The Findings

The results of the survey can be broken down into four key questions for exploration:

  • Are associations representative of their industry or sector?
  • What are the perceptions of association members and staff about how well the association is doing in terms of DE&I?
  • What challenges are associations facing in implementing action-oriented tactics to foster DE&I?
  • What DE&I topics, areas or initiatives are most important to association members and/or staff?

Are associations representative of their industry or sector?

Only 40% of association staff and 44% of members responded “yes” to this question. Therefore, more than half of association staff and members feel that their association is not representative of the industry or are unsure. The survey then asked why and, so as not to suggest answers, left an open space for participants to respond. Lack of racial and ethnic diversity topped the answers for both surveys. Other reasons included lack of gender diversity and lack of diversity in leadership.

One of the challenges associations face in tracking representation is a lack of data and demographics on their members. “It’s basically impossible in a quantitative way to measure progress if you don’t have a data set to start with,” says Hockman.

Unfortunately, many associations don’t track member demographics such as gender, race, ethnicity, sexual orientation, disability and more. And the groups that do track this have usually only done so recently.

Johnson experienced this roadblock at AHWONN and noted that the association just started collecting expanded member demographics last year. The data include gender, work setting, race, sexual orientation and special accommodations (to track members with disabilities). They even ask members if they live in a rural or urban area because of the differences in workplace setting and healthcare access. Unfortunately, only 3% of members have filled in these demographics, but it’s a start.

“We’ve done special campaigns to our members to explain the confidentiality of their information and how we’ll use it,” says Johnson. “It also shows that just because you have a path and a direction doesn’t mean that your membership is automatically going to fall in line. You need to educate them and socialize them to it.”

Joel Albizo, FASAE, APA

Joel Albizo, FASAE, CEO of the American Planning Association (APA), says that his group tracks expanded demographics but also struggles for complete data. Because this is a relatively new practice to the APA, new members’ profiles are much more complete than seasoned members’.

As an initial step, all groups should look at the attributes they’re collecting for their membership and consider where there is room for improvement.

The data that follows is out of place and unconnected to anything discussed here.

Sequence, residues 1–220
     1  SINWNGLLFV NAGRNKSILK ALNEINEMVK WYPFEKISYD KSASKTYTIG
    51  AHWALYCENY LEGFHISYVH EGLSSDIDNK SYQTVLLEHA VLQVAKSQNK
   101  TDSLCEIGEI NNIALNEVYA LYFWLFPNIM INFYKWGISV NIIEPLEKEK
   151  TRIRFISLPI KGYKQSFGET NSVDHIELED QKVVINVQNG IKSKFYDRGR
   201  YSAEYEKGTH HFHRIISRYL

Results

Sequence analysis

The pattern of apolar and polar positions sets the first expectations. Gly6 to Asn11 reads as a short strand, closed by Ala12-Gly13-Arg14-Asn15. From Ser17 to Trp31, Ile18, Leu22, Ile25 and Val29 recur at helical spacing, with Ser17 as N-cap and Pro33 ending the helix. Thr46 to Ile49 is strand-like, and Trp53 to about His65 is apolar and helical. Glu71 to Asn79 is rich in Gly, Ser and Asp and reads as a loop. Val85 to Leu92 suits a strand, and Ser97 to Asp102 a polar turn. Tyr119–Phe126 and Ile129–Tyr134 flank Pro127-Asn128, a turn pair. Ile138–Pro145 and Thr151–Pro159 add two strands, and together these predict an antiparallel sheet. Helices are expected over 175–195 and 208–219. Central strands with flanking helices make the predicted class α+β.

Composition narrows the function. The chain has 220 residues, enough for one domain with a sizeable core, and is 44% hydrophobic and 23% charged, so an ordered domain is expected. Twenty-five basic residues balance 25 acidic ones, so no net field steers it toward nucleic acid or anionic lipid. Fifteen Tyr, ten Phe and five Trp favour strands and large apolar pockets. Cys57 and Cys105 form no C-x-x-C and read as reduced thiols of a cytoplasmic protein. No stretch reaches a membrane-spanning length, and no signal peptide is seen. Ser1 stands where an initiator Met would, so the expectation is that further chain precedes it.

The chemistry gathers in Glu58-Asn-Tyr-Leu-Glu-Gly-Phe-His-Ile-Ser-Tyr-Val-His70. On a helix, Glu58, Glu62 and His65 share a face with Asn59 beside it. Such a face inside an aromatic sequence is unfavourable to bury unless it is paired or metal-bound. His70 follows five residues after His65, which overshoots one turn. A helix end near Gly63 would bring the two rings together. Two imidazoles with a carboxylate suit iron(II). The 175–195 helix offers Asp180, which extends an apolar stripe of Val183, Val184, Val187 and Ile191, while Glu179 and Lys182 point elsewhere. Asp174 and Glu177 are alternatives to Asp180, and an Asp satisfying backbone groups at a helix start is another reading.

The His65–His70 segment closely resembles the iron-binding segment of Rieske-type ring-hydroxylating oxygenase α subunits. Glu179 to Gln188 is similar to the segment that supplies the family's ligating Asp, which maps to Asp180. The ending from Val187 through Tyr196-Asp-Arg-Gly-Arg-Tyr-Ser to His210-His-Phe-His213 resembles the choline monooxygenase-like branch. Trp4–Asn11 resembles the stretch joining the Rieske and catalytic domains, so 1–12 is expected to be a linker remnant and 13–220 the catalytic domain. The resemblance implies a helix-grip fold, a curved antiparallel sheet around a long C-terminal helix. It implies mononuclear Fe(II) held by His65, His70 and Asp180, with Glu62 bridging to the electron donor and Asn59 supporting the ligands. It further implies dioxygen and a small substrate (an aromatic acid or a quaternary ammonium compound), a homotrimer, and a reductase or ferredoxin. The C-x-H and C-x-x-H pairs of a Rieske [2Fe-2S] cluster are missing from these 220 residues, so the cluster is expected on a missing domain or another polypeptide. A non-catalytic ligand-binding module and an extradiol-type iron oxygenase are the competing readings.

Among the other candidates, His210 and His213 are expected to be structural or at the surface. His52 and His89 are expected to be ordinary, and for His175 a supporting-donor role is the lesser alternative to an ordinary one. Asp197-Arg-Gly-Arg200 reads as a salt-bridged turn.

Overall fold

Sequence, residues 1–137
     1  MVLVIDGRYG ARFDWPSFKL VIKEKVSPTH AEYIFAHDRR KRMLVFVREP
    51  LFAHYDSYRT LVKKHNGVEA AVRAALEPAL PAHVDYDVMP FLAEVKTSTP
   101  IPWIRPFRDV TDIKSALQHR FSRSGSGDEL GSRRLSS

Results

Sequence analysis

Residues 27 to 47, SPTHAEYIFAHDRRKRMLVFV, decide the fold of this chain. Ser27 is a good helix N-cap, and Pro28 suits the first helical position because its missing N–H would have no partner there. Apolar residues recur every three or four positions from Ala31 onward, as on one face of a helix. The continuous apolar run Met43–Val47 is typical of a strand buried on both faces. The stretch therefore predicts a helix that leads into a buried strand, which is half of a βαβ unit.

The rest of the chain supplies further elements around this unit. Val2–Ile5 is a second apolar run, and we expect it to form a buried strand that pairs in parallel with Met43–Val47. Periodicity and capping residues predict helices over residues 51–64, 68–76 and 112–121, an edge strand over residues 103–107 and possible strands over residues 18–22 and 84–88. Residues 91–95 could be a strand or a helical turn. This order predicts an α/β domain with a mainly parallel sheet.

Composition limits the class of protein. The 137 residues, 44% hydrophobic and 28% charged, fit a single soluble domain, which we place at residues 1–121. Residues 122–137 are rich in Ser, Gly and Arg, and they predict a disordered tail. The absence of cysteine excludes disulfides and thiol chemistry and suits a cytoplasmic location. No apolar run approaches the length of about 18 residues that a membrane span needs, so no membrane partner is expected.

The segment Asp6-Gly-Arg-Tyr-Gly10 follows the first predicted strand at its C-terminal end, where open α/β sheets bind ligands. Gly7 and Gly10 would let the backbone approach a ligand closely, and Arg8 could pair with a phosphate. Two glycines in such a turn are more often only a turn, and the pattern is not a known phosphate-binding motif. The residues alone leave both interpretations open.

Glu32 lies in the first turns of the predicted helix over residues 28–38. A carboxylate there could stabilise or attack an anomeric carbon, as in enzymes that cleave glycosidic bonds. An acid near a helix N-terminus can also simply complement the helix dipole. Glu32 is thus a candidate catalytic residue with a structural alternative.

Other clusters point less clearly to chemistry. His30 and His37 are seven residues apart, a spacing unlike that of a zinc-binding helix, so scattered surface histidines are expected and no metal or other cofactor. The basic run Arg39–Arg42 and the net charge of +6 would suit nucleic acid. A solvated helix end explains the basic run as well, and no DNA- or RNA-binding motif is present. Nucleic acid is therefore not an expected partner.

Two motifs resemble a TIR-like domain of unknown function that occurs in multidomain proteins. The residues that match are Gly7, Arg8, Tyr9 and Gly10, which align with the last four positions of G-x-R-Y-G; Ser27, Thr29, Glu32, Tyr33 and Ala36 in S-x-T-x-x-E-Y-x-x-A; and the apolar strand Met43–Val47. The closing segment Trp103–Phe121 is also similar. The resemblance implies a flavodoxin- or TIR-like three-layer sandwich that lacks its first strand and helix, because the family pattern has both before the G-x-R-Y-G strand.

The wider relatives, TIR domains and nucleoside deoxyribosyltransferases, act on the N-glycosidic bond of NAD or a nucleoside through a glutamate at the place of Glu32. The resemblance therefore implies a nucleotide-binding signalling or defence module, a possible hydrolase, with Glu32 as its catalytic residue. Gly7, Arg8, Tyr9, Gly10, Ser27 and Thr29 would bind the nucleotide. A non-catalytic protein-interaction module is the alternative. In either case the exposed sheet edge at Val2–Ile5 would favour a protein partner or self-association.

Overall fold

What are the perceptions of association members and staff about how well the association is doing in terms of DE&I?

Responses to this question followed a bell curve for both members and staff. Very few members (4%)  called their associations “not at all successful,” and the percentages rose to 31% answering “moderately successful.” The numbers fell again around “very successful” and further still for “extremely successful.” A similar pattern followed for the answers given by association staff. 

This lukewarm response indicates there is more work to be done. While organizations may have official policies or committees addressing DE&I, the overall tone among respondents was that this isn’t enough. As McKinley’s team drilled down on the results, they found that members of associations with budgets in the range of $10–$19.9 million were more likely to feel their association has been successful (36%) compared to those from organizations with lower budgets (23%) or higher budgets (27%).

“It raises the question: Are dollars the determinant of success here?” says Hockman. He adds that it would be a shame for organizations to feel they can’t afford a focus on Welcoming Environment because the data show that success is not necessarily about a financial investment. Many organizations are already seeing the financial effects of the economic downturn due to the coronavirus pandemic and will be strapped for resources. Yet, this research reveals several areas of improvement that rely more on strategy and strong decision-making than finances.

Judy Gaus, AEM

For Judy Gaus, vice president of human resources and operations at the Association of Equipment Manufacturers (AEM), allocating funds to these initiatives have helped make them a priority for the organization. “We started going down the path of talking about diversity five years ago, but it’s been very slow, and other strategic priorities got in the way. We set aside money in our budget for diversity this year as a way to operationalize it and move from talking to action,” says Gaus.

In addition to participating in the staff portion of this survey, AEM hired a consultant to take a deeper look at ways the organization can create a Welcoming Environment. The consultant will prioritize the large amount of information contained in the survey results, as well as create a roadmap to start taking action.

Encouragingly, members responded that they feel welcome at association events they attend, as well as in the locations where those events are held. Yet, both members and staff were less likely to respond that their associations created opportunities for inclusion-focused events or integrated inclusion into the association’s everyday behaviors.

Drilling down further, female association staff were less likely to report feeling included in their workplace (55% agree) compared to males (77%). Similarly, females were less likely to agree that their association workplaces create inclusion-based opportunities for those of different backgrounds (49%) and that inclusion is integrated in the workplace (43%) when compared to males (71% and 63%, respectively).

Hockman suggests that organizations take a hard look at their own practices and “be willing to acknowledge that we aren’t as inclusive and welcoming in day-to-day communications as we’d like to be.” He adds that “teams are too homogenous right now. You can’t change the mix of your team overnight, but there’s so much guidance in recent days to not only read different authors but also talk to people with lived experience.”

Talking to people with lived experience will shed light on needed growth, but could also lead to some tough conversations. Johnson echoes this sentiment and adds that change rarely happens without some conflict: “In order for organizations to make true change, they have to be open and approach these topics with a posture of curiosity, as well as a posture of humility and true desire to change.”